Can You Camp on the Islands at Lake Texoma?




The first thing that comes to mind is lake safety and personal responsibility. The United States Government operates Lake Texoma through the Tulsa District of the U.S. Army Corp of Engineers (USACE). I spoke with several officials about this topic, and this is what I found:

No, you cannot legally camp on the islands in Lake Texoma. The islands are the property of the U.S. government. They were a Native American burial ground, as were many areas around and near the Red River of the South, its tributaries, and lakes spawned by it that have disappeared.

There were human bones found on the islands back in 1993 that date back to at least 700 years ago. We do not know if the USACE in 1941 knew that it had a rich history of the Caddoan Mississippi culture when they began digging out our Lake Texoma. Every manmade lake in Texas came about for flood control purposes. We have tons of rivers and waterways in Texas, but we only have one natural lake in Texas that we share today with the state of Louisiana, Caddo Lake.

The human remains on the Lake Texoma islands may have been unearthed by flooding in 1993. The University of Oklahoma (OU) was put in charge of curating the bones found on an undisclosed Lake Texoma island in 1993, and the USACE directed the excavation of the remains. At that time, they found the remains of eight humans, but thought that there might be as many as 20 human remains.

This is a difficult story to follow up on because OU, the USACE, and the Indian Nations have never made the details of this discovery public. The Caddo Nation was a loose federation of several Indian tribes. The Caddos have inhabited Arkansas, Louisiana, Oklahoma, and Texas since as early 200 B.C. The remains found on the undisclosed Lake Texoma island could be of Caddo or Wichita origin.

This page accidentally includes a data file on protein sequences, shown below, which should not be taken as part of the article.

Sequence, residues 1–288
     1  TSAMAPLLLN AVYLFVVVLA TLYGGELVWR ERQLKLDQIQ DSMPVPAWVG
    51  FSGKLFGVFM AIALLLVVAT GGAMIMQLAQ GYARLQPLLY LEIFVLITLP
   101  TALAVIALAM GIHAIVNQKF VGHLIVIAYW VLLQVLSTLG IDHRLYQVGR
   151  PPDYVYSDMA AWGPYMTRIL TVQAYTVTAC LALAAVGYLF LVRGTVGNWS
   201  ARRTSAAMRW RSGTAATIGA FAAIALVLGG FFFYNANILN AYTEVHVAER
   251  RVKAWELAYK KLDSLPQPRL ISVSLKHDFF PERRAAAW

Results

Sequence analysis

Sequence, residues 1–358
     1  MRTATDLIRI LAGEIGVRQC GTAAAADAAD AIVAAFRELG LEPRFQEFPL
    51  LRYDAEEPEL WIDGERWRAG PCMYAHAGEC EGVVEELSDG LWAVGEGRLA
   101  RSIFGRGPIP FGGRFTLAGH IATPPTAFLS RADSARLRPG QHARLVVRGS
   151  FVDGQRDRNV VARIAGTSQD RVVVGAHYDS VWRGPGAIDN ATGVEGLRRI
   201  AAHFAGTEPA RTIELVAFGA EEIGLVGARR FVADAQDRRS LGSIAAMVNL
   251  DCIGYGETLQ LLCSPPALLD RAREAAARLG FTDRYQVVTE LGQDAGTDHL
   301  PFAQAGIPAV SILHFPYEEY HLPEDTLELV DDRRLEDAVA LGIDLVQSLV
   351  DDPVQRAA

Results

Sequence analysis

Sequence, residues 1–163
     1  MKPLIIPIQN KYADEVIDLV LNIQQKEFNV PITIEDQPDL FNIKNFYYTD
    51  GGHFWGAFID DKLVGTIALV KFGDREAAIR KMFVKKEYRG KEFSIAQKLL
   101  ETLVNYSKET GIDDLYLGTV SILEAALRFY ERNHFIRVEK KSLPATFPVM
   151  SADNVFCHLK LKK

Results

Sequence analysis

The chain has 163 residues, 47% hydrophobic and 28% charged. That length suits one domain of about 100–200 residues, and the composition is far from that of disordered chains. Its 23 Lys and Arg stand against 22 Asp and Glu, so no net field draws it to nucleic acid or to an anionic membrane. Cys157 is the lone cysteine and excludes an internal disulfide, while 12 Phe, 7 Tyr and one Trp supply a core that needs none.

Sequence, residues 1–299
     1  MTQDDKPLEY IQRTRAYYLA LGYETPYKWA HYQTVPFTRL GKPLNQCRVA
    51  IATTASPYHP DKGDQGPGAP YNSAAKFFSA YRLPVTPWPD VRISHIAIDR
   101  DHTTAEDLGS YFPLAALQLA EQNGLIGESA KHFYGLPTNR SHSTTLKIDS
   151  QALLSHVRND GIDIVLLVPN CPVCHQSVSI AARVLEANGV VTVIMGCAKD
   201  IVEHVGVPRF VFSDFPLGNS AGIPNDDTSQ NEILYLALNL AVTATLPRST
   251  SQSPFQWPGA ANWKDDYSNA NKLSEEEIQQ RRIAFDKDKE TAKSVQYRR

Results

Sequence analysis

Federal law dictates that when Indian remains are found on federal property, the likely tribes to which they belonged must be notified. Those tribes have to make a decision whether the remains are to be reburied or sent to a museum. It has never been disclosed whether any Native American tribe claimed the remains found on the undisclosed island in Lake Texoma.


The Law and the Islands

The islands are the property of the of Oklahoma, and the Marshall County Sheriff's office is the law enforcement entity.  The Tulsa District office of the USACE in Denison, which operates and manages most of Lake Texoma, told me that it is illegal to camp on the islands in Lake Texoma.

I talked to a Tulsa District USACE ranger this week, and he said he could not tell me how much the fines are if you camp on the islands and are charged with illegally camping on them for a few reasons. That ranger explained why to me with a serious demeanor.

The first reason is that a less expensive fine will not deter camping on the islands. But if they find illegal activity that is more than only camping, those fines could be much more expensive, and result in incarceration. The second reason is that the USACE and Oklahoma does not know if all of the remains of the Native Americans have been recovered.


People Camp on the Lake Texoma Islands